From Where I Sit – If You Want to Write

With a few weeks of plus temperatures and disappearing snow some of us suspect spring is playing a shell game. Long-term Albertans know there is at least one more blizzard in our future. If it doesn’t happen in March we’ll probably get walloped in May.

But here’s my modus operandi this time. Instead of waiting for the other shoe to drop, I’m enjoying this. The gravel road bordering our farm is bare and dry. The sun is shining, the wind is light?perfect conditions for walking. I’ve been out there working a two-pronged approach. I set out hoping to ease the kinks out of my winter body and the murky thinking out of my mind. Frankly, some days the strategy works better than others. If I come home winded, with rosy cheeks and a great first line for a piece of writing, I call it a success.

The spring-is-here effect is spilling over into other areas of life. It’s motivated me to tackle some office clutter. A skeptic may say this is a thinly disguised attempt at avoiding any ?real? office work within those walls. A skeptic may have a point. But experts insist that a disorganized, cluttered area stifles rather than stimulates output.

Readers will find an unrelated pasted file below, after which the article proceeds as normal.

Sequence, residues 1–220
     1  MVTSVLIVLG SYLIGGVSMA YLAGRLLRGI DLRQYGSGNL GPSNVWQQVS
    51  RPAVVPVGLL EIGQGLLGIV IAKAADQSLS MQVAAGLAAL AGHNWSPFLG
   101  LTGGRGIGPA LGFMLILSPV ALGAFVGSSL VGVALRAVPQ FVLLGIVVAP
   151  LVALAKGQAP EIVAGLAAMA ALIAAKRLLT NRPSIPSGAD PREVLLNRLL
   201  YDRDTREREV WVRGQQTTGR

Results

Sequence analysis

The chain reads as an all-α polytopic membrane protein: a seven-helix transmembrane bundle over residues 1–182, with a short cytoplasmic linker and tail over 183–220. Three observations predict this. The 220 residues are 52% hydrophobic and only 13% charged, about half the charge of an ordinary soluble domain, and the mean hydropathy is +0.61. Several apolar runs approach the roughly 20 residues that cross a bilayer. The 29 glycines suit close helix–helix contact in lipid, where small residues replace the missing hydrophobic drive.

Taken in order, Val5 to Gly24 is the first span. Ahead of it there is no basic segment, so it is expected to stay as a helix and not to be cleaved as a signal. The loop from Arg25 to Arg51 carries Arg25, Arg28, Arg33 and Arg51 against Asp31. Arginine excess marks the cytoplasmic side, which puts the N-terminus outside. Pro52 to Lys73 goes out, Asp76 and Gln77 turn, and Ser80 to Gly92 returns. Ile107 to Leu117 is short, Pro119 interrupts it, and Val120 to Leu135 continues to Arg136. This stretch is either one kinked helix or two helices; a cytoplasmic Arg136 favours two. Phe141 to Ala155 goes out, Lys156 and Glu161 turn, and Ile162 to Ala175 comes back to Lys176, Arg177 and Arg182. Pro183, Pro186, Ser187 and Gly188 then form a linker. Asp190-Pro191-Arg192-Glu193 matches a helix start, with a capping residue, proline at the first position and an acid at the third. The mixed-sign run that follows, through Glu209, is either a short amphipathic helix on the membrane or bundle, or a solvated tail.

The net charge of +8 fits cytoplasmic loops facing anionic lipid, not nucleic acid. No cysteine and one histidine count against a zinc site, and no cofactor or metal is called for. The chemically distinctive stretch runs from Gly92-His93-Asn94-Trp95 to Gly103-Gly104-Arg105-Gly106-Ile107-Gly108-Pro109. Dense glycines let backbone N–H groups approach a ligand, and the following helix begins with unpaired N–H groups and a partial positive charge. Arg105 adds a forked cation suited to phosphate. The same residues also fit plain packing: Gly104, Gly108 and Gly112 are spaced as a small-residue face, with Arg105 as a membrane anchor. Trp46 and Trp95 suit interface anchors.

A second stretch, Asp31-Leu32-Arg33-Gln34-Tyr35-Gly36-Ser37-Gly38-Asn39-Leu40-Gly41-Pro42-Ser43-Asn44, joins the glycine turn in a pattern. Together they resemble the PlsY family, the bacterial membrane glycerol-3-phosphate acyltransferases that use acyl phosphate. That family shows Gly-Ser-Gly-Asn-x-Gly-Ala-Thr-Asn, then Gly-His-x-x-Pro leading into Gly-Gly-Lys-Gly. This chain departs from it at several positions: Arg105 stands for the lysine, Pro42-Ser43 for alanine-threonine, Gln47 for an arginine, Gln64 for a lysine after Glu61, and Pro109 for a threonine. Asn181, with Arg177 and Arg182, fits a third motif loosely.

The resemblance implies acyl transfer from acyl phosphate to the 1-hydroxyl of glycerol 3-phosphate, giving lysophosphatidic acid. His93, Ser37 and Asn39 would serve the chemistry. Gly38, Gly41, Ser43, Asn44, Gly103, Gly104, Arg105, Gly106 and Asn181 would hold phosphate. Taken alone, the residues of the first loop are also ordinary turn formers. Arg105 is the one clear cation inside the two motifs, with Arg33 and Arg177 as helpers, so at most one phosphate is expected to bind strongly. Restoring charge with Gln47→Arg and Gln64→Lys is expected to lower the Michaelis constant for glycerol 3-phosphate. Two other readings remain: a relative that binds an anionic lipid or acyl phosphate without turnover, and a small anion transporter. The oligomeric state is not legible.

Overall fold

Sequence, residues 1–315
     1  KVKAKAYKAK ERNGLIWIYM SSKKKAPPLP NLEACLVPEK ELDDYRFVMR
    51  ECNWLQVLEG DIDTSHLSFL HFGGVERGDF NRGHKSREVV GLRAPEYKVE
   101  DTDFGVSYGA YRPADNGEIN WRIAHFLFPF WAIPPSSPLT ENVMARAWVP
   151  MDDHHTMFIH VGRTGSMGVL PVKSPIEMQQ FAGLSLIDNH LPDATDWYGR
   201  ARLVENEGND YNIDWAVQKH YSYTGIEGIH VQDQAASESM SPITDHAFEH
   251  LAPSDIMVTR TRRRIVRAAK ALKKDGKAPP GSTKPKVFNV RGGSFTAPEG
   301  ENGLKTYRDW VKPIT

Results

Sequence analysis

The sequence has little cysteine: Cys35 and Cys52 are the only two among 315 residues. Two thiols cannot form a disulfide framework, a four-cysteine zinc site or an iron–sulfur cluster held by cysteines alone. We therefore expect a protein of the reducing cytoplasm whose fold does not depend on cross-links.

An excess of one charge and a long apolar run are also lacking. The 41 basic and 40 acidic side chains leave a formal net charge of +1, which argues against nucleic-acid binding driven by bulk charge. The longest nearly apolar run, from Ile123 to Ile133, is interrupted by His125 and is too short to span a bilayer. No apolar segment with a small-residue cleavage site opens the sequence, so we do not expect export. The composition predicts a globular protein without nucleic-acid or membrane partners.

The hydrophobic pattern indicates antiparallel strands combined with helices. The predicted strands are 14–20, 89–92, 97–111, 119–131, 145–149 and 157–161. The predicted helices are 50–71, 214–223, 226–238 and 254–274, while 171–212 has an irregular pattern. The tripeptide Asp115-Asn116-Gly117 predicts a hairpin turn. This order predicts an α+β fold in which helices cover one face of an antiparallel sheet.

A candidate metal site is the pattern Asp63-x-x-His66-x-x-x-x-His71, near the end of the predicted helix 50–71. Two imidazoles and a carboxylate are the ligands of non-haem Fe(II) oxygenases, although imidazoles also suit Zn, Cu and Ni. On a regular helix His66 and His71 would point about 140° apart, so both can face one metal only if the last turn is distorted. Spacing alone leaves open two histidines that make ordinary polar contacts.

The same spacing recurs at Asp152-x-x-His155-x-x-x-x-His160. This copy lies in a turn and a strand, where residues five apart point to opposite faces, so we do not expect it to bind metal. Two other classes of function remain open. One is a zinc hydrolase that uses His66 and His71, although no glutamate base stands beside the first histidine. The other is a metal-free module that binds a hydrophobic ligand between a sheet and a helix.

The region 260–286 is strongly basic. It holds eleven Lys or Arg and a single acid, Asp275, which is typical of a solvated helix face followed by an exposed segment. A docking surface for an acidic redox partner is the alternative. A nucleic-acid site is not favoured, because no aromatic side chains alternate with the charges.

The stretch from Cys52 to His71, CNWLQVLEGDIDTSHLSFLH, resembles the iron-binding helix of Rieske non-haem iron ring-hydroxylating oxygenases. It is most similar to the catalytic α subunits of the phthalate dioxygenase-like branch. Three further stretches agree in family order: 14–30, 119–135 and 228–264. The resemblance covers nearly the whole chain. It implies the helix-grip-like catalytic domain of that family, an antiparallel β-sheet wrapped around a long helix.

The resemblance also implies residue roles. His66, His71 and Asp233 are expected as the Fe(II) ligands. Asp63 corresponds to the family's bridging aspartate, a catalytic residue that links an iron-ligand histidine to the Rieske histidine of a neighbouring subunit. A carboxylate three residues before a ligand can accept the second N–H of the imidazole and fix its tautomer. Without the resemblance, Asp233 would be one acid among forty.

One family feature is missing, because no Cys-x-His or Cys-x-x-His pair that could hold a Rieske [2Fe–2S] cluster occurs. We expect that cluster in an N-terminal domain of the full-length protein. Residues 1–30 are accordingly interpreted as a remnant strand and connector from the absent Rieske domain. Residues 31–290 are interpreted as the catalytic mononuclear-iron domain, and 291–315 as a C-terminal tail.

Here’s my story and I’m sticking with it. By purging papers, magazines, and clippings I no longer need, I am maximizing my work space. For years I’ve had a love-hate relationship with keeping a journal. I pick out a beautiful and/or functional journal and begin with a dated first entry. The book may have a theme like the one I started on a silent retreat or it may just be another attempt at what Julia Cameron calls morning pages; three pages of longhand writing done first thing every morning.

Jim Rohn, success guru, talks about buying expensive blank books as a challenge to himself to find something important to write. Tony Robbins says a life worth living is a life worth recording. Many successful authors use notebooks to capture snippets of dialogue or character descriptions or ideas for the next great novel. My intentions are good but my approach has been hit-and-miss.

In the last few days I’ve begun the revealing process of finding and typing years worth of disparate bits of writing in countless books, scribblers, and on scraps of paper. This journey back in time has been great for my iffy memory. Free-fall writing and writing to prompts coaxed feelings and thoughts out of me I forgot I had. Some of the writing is good. Some of it is seedling-like in that it needs nurturing. Some of it may grow up to find its place in more public writing.

Perhaps best of all is the motivation to keep on going. Use prompts more often because of the results they produce. Be meticulous about attaching dates. Take the time to explain what I’m saying. Do the slovenly, reckless daily journal writing that Brenda Ueland (If You Want to Write) recommends because it yields ?vitality, brilliance, beauty.? That’s good advice, from where I sit.

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